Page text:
Library's proposal on Black Lives Matter prompts sheriff to say won't respond to 911 calls

The sheriff said, "please do not feel the need to call 911 for help," but, in a later joint statement with the library head, he said he supported open discussion "that values diversity and law enforcement."

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By Wilson Wong

A Nevada county library's proposed statement in support of Black Lives Matter prompted the local sheriff to warn that his office would not respond to its 911 calls.

“We support #BlackLivesMatter,” the Douglas County Public Library said in the proposed short statement released last week at the end of a meeting agenda. “We resolutely assert and believe that all forms of racism, hatred, inequality, and injustice don’t belong in our society.”

Sheriff Dan Coverley, in the county that is about an hour south of Reno, responded in a letter to the library board of trustees that called the death of George Floyd in Minneapolis police custody "tragic and preventable" and went on to argue that "data simply does not support claims that law enforcement is systemically racist or structurally biased."

The letter published Monday on the sheriff office's website ended by saying, "Due to your support of Black Lives Matter and the obvious lack of support or trust with the Douglas County Sheriff's Office, please do not feel the need to call 911 for help."

"I wish you good luck with disturbances and lewd behavior, since those are just some of the recent calls my office has assisted you with in the past," the letter said.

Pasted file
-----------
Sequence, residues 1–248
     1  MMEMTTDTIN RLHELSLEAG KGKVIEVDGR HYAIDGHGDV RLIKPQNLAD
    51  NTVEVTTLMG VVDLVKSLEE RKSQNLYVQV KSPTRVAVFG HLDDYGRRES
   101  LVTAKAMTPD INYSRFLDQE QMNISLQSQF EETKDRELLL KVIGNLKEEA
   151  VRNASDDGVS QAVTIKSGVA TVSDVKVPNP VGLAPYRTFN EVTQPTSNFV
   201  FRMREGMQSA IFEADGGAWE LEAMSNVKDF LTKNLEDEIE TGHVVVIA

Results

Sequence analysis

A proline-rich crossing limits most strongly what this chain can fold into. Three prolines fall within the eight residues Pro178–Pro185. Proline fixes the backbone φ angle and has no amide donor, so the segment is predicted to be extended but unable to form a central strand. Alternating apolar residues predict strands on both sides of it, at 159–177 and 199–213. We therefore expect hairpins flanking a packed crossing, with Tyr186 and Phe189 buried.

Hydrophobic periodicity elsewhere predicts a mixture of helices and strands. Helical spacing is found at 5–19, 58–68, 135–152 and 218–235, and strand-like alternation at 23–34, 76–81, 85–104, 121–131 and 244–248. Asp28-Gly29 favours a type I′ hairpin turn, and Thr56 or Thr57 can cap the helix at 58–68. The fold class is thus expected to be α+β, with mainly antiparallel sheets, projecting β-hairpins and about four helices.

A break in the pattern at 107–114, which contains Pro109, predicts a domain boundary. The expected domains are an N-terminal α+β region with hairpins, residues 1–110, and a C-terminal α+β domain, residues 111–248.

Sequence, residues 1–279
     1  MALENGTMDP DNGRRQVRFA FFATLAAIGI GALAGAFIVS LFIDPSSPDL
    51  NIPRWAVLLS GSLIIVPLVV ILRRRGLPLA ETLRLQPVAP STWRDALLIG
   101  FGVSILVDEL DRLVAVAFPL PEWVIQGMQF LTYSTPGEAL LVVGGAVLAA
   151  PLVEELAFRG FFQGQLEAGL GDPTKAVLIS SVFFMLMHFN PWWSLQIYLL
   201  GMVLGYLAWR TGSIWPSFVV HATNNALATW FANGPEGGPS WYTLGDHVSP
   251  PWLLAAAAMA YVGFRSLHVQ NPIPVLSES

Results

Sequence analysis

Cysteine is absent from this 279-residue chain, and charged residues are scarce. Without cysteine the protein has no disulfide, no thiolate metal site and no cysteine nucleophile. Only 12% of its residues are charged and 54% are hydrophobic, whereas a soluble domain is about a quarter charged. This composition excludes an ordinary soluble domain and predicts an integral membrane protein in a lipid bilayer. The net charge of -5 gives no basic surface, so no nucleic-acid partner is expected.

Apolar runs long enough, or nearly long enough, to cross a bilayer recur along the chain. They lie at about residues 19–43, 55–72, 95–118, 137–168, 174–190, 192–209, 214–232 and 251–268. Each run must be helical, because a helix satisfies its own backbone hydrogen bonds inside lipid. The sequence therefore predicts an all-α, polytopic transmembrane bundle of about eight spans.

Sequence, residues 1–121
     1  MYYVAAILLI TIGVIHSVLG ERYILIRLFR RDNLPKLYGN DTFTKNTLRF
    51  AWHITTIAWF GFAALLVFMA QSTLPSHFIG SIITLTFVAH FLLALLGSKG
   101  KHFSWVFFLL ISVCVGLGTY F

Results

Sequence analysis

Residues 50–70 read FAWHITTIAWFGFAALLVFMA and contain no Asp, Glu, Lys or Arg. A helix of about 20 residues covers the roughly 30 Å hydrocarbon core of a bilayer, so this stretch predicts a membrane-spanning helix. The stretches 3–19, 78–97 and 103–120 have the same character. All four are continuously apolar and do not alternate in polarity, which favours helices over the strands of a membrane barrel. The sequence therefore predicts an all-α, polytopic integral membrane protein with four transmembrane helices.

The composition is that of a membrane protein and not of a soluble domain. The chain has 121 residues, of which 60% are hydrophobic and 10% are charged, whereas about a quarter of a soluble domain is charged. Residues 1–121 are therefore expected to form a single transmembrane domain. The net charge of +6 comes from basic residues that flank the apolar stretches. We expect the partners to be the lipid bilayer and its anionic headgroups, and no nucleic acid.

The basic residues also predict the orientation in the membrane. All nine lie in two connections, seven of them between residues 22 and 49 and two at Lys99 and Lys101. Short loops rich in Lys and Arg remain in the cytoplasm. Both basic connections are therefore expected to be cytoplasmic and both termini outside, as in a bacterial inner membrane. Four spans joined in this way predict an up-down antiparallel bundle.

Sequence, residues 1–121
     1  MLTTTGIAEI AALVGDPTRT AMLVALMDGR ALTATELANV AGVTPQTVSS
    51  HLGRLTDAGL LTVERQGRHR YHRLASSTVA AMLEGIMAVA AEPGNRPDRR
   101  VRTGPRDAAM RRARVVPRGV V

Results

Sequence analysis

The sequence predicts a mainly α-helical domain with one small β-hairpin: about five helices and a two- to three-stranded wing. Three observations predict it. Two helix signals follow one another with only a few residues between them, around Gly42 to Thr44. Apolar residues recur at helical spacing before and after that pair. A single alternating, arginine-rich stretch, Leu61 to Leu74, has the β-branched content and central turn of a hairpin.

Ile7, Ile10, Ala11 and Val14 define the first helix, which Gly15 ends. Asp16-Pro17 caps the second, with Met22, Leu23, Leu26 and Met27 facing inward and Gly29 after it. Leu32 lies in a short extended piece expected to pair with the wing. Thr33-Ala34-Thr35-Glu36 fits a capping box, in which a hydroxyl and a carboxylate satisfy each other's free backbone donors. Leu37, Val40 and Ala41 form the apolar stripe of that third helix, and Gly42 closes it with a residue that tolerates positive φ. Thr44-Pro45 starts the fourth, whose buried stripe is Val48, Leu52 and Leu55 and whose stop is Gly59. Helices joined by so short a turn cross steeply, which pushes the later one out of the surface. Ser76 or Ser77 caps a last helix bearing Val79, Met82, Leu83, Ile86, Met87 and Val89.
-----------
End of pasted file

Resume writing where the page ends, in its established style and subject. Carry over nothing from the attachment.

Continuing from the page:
Douglas County Sheriff Dan Coverley attends a news conference held by Washoe County District Attorney Chris Hicks in Reno, Nevada on Jan. 28, 2019.Scott Sonner / AP file

County spokesperson Melissa Blosser later walked back the idea that sheriff’s deputies would no longer respond to 911 calls from the library.

“Sheriff Coverley would also like to take this opportunity to clarify that the Douglas County Sheriff’s Office will continue to respond to all 911 calls, including those at the Library,” Blosser told the Reno Gazette Journal.

Library director Amy Dodson told NBC affiliate KSNV in Las Vegas that the proposed diversity statement "simply was meant to state our inclusivity at the library, that we are open and welcoming to everyone and we treat everyone equally.”

Dodson and Coverley met Tuesday and released a joint statement on social media in which the library director said the two "had a very candid conversation."

“We agreed that we both support the people of Douglas County and this may have been an unfortunate circumstance of misunderstanding," Dodson said. "The library respects and supports the work of the Douglas County Sheriff’s Office and appreciates everything they do to keep our community safe.”

The sheriff said in the statement that he is “passionate about and proud" of his agency's work in the community.

“This has been a difficult time to be a law enforcement professional and can be disheartening when we perceive that our office may be under attack," Coverley said. "My response was rooted in my belief that these issues need to be openly discussed in a way that values diversity and law enforcement."

The planned library board meeting at which the diversity proclamation was to be considered will be rescheduled, the joint statement said.